Objections to Schedule C Exemptions were filed on February 2, 2020 and March 5, 2020 in the main bankruptcy case. Dkt. 84, 102. The basis for the objection to the claim of exemption in the cash value of the Life Insurance Policy was that the change of beneficiary within 90 days of the petition date may be avoidable as a fraudulent transfer. A consent order on the objections to exemptions was entered on September 21, 2020 which denied the objections on a preliminary, provisional basis, subject to certain conditions, one of those conditions being the resolution of this adversary proceeding. Dkt. 322. The consent order was later modified by order dated December 15, 2020. Dkt. 436.

Therefore, the court finds that the complaint fails to state a plausible claim of relief under 11 U.S.C. § 548. The debtor failed to allege facts that support that an interest of the debtor in property was transferred.

III. Claim Two: Avoidance of Transfer pursuant to 11 U.S.C. § 544 and N.C. Gen. Stat. § 39-23.4(a) , -23.5(a)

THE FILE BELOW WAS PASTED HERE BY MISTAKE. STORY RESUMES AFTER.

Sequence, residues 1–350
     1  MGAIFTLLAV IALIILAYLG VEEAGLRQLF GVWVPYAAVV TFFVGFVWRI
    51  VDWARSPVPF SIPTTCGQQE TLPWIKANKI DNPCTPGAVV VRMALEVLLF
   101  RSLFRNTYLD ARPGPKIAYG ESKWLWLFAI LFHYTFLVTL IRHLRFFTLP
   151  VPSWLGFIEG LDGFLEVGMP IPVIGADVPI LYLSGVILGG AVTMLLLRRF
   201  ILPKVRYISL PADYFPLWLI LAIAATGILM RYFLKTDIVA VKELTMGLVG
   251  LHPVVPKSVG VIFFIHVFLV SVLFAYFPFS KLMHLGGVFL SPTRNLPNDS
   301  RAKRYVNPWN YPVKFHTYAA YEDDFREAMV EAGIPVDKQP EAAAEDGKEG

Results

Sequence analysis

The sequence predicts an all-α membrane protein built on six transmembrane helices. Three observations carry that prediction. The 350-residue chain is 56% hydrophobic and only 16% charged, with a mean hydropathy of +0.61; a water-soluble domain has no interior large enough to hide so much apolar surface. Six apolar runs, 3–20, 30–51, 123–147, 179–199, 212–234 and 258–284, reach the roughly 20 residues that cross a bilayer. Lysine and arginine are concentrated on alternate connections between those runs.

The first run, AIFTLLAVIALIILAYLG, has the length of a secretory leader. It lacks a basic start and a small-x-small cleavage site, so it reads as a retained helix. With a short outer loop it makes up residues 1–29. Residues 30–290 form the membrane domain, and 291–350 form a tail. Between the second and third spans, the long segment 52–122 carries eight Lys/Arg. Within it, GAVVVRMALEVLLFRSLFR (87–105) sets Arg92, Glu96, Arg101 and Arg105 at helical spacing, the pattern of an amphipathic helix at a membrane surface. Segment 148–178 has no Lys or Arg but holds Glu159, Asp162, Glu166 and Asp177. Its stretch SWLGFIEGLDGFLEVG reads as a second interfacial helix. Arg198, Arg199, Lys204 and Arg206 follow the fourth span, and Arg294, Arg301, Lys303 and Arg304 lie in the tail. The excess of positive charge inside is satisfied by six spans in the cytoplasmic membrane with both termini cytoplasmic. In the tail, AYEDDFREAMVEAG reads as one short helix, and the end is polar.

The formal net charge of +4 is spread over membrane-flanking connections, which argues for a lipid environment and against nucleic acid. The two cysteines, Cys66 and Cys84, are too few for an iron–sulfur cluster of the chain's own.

The trustee contends that the definition of "transfer" under the North Carolina Uniform Voidable Transfers Act ("NCUVTA") is broader than that under 11 U.S.C. § 548 such that a transfer may be voidable under NCUVTA regardless of whether the transfer is of an interest of the debtor in property or not. Simply put, the trustee's argument fails to acknowledge that the NCUVTA defines "asset" as "property of the debtor."

Section 544 of the Bankruptcy Code allows a trustee to avoid "any transfer of an interest of the debtor in property" that is voidable under applicable state law. 11 U.S.C. § 544(b)(1). The NCUVTA provides that "[a] transfer made or obligation incurred by a debtor is voidable" as to a present or future creditor if the debtor made the transfer or incurred the obligation: